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Rome: The Inconsiderate Classroom

Sunday, September 18th, 2005

On our last full day in Rome, Bec and I planned on taking a paid tour of the Sistene Chapel with Harry, our young English guide from the tour of St. Peter’s Basilica. We organised to meet at 11.30 in St. Peter’s Square, and so jumped on an 11am shuttle bus from the campsite. On each day previous, the bus took around 15 minutes to get into town, and so the 11am bus would give us plenty of time to find Harry and the red umbrella he used to distinguish himself in a crowd. 15 minutes, that is, on other days. On this particular day, it was a painfully slow 45 minutes before we got to Vatican City, and another few before we made it into St. Peter’s Square.

We optimistically looked for Harry and his red umbrella, hoping he might still be hanging around trying to fill numbers for his tour. We stood in the middle of St. Peter’s Square, up on tip toes, pirouetting like a mother looking for a lost child in a department store. But it was no use. Harry was gone, and we would be facing Michaelangelo’s masterpiece on our own. Bec had taken a tour on her visit four years earlier, and was able to fill me in on some of the little details she remembered, which at least gave me some insight into the meaning behind the artwork. The halls and chambers of the Vatican City musuem, deep within which the Sistene Chapel hides, are a seemingly endless parade of historic and priceless art, and took a good hour to amble through before we found ourselves at the door to the Sistene Chapel.

[read on]

Rome: And the Heavens Opened

Saturday, September 17th, 2005

Friday September 2nd, and Bec and I flew from the heat of London into the heat of Rome. We had booked to stay at a campsite not too far from the centre of town, which thankfully provided a shuttle bus from the airport. We had an hour or so to kill between collecting our bags after the flight and getting the bus, and due to the stuffy air in the airport, decided we should wait outside. When we opened the door the heat hit us like a Joe Frazier left hook. The UK this certainly was not.

After a pretty decent nights sleep in our little tent, we caught another shuttle bus from the campsite into town at 9am, which would drop us somewhere near Vatican City – that much we knew. The campsite had provided us with a little pocket map which would eventually come in very handy. But you see, the thing about maps is, you actually need to know your own whereabouts on the map before you can work out which way to go, otherwise the map is about as useless as tits on a bull (as my Dad would say). As we got off the bus Bec, who had been to Rome four years earlier, stayed at the same campsite, and possibly taken this exact same shuttle bus, seemed to find her bearings, “Well, this sort of looks familiar, I think it could be this way. ” But then a bit of doubt crept in, “Although, everyone else from the bus seems to be walking that way, we should probably just follow them.”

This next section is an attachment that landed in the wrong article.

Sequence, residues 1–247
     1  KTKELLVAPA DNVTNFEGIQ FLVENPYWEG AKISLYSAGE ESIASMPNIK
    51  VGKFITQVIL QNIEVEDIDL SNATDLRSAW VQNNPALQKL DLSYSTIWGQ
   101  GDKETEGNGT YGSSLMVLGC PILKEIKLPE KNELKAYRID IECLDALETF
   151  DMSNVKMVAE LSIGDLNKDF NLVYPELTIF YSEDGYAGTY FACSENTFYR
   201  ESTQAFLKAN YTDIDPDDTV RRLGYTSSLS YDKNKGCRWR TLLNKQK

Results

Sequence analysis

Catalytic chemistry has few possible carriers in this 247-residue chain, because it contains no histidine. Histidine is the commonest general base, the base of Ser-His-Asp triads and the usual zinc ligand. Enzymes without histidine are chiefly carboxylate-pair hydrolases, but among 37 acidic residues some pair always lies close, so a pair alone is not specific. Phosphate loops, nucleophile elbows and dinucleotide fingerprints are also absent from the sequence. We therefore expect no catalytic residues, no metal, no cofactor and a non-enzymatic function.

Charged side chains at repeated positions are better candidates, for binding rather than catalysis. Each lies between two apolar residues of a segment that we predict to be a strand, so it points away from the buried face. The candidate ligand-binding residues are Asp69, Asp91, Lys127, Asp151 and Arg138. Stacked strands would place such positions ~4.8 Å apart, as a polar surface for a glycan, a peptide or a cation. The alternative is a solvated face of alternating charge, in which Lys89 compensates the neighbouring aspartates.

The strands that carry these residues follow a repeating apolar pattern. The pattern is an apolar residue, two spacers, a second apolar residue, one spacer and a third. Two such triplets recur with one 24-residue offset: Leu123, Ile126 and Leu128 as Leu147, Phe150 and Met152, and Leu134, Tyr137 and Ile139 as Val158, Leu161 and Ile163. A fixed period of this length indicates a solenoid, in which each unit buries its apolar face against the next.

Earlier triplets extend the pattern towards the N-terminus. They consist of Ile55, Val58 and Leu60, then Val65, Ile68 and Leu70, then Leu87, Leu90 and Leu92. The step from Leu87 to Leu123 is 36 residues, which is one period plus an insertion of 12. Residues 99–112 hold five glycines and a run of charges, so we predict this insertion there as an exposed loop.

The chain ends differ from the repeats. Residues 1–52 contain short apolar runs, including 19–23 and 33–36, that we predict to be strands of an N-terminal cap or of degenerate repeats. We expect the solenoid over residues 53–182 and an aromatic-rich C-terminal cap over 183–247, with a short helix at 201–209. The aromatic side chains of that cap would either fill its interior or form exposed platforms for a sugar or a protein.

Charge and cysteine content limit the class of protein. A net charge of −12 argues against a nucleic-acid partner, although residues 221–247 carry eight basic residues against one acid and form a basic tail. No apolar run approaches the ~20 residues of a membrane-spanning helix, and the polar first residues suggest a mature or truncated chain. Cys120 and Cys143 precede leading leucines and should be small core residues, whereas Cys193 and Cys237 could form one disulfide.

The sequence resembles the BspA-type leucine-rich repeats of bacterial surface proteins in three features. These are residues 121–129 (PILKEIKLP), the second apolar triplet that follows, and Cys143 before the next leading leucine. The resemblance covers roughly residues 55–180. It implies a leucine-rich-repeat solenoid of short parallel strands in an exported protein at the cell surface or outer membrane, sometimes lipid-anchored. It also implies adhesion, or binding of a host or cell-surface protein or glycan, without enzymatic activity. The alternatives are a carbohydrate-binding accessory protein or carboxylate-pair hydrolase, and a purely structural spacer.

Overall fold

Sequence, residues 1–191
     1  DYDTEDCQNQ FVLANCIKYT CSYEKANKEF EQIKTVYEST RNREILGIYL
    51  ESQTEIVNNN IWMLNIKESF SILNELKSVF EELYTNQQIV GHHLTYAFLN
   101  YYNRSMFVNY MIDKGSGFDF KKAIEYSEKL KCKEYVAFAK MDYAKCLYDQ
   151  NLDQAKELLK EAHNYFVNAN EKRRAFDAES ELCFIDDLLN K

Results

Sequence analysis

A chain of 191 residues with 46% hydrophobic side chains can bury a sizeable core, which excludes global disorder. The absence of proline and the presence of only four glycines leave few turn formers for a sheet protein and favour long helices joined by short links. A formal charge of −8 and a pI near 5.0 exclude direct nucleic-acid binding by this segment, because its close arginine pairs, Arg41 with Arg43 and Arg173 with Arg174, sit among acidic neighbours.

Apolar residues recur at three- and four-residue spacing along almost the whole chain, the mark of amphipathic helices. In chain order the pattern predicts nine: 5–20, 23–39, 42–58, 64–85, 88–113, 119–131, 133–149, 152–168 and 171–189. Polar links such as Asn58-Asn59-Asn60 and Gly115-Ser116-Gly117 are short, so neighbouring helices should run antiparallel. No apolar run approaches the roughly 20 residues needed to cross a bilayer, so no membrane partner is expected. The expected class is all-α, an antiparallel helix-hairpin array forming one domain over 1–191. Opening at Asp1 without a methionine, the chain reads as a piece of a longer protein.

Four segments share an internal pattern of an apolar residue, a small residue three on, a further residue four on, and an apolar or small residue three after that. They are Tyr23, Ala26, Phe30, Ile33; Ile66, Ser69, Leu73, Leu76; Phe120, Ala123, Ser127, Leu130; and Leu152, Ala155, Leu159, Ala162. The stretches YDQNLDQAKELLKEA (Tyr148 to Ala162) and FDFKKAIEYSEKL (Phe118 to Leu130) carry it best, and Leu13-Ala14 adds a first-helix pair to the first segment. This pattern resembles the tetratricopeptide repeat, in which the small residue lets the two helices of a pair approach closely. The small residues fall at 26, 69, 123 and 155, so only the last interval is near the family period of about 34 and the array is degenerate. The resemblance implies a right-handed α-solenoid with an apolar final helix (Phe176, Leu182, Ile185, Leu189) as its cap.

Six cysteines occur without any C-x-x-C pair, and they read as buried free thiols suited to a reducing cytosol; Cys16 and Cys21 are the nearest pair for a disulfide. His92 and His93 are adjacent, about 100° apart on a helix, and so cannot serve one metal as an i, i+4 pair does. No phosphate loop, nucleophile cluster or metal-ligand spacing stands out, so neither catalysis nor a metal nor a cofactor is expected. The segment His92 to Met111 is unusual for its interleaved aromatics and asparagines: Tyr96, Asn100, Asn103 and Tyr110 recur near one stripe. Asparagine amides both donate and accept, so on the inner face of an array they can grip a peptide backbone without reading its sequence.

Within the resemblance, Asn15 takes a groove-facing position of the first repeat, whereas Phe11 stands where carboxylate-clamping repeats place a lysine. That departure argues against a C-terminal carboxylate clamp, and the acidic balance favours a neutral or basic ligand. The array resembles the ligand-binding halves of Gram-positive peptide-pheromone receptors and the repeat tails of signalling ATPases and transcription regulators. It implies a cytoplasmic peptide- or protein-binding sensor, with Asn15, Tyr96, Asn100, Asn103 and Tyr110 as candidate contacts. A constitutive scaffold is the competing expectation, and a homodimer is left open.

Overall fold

[read on]

The story of the works and the spanner

Saturday, September 17th, 2005
Right folks, sorry for the delay in the updates, but I've struck a wee problem. The schmicko little palm pilot and tiny folding keyboard I bought to do all of my writing on has turned out to be the biggest ... [Continue reading this entry]

London: Good for Golfers

Saturday, September 10th, 2005
Our day at the Ashes cricket required at least one full day's recovery, and so we spent the next day hanging out with Kirk, Jools, Rosie and Anna at a local park, and checking out the original residence of Lord ... [Continue reading this entry]

Trent Bridge: The Ashes

Friday, September 9th, 2005
Sunday the 28th of August was going to be a big day for me and Bec. It was a day we had been looking forward to for months. We were going to the Ashes, the battle between Australian and English ... [Continue reading this entry]